Four lions which spent their life crammed into a circus trailer have finally been given a new home at a British zoo.
The animals had been performing for French travelling circus Zavatta when Belgian government officials swooped in and confiscated them in May 2014.
Officials found their trailer home was in a terrible condition with large pieces of metal sticking out, holes in the floor and a cramped space for the four large wild animals.
The lions were temporarily homed in an animal sanctuary in Belgium before Five Sisters Zoo, near Edinburgh in Scotland, attempted to take them on.
The lions were finally introduced to a lavish £150,000 two acre enclosure which had been supported through donations from members of the public.
Nathan Roberts, 26, a spokesman from the zoo thanked the public for showing compassion in helping to raise the money over the past year.
He said: “It’s an absolutely incredible amount of money to raise and we firstly need to thank everyone for showing compassion in raising the money to bring the lions here.”
“A Belgian rescue centre we had worked with previously approached us about a year ago to give the lions a permanent home.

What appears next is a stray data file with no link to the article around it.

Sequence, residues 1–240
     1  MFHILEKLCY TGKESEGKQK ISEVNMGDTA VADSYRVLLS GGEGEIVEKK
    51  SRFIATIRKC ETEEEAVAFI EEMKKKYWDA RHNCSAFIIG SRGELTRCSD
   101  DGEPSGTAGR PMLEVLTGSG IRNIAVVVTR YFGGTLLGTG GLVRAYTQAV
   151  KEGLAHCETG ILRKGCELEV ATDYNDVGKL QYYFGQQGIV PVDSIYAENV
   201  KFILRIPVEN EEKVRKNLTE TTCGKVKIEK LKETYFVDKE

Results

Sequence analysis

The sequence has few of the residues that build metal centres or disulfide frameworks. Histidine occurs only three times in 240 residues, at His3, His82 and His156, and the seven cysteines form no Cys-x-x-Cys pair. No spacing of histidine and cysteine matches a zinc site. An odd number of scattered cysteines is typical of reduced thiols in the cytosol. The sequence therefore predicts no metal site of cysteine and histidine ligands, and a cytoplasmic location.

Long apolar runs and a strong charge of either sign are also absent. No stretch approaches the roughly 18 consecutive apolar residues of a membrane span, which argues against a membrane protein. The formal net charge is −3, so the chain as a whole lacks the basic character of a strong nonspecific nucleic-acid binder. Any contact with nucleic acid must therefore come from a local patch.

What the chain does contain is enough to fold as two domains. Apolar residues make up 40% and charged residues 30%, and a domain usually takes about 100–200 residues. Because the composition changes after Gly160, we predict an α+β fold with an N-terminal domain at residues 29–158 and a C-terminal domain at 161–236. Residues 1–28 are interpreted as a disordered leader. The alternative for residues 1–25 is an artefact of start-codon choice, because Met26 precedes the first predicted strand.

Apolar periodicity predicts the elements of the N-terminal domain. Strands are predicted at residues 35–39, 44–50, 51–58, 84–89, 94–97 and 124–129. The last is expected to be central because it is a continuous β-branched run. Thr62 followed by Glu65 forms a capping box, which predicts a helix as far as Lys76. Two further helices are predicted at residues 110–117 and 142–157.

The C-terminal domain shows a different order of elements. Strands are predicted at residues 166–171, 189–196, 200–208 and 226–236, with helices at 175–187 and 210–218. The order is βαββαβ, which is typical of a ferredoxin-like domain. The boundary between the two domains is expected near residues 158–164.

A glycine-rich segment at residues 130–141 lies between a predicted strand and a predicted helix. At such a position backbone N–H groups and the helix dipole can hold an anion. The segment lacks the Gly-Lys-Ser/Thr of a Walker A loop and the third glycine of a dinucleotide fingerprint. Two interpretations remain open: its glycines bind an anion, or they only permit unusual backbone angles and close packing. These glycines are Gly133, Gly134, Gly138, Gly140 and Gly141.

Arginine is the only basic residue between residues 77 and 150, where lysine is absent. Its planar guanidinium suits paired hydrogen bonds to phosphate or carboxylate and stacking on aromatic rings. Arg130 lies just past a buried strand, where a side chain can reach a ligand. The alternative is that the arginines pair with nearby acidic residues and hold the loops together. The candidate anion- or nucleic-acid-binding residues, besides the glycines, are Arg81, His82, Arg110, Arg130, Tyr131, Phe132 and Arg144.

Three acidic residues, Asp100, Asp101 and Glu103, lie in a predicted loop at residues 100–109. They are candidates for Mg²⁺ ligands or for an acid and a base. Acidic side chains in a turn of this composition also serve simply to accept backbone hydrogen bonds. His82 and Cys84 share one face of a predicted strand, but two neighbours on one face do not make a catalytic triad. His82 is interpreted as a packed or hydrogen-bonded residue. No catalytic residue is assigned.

“They’re inseparable which is quite strange behaviour for four large adult male lions but we’re delighted to finally have them here.”
“They arrived on Sunday night and have been sticking quite closely together.
“They have such a strong bond which we think is a result of having to live so closely together for so long.
“There’s plenty of room for them to stretch their legs in the two acre enclosure which is the complete opposite of what they’ve had to live with previously.
“This is a safe place for them.”
“They’re adjusting really well to life here. There’s no sign of any stress and they’ll be relieved that they no longer have to perform.”
All four lions were castrated at a young age which means that the nutrition and energy normally put into male hormones and manes goes into growth and they appear to be large lionesses at first glance.
They also have no claws or nails which is thought to have been cut by the circus owner to prevent them causing serious damage to circus workers when they try to scratch.
The lions are thought to have been badly treated by the French travelling circus as they react with fear when a person holds a stick in their direction.
Sil Janssen, a spokesman for animal sanctuary Natuurhulpcentrum in Opglabbeek, Belgium, said: “We often see this in circus animals. They were often beaten up, and really know the stick.
“When I show the stick to my dogs, they are happy because they think they can play.
“The lions however cringe, showing that they had a terrible life. This is why I am so happy to give those lions a new life.”
The Five Sisters Zoo had previously rehomed three former circus bears at a two acre purpose built woodland sanctuary in 2011.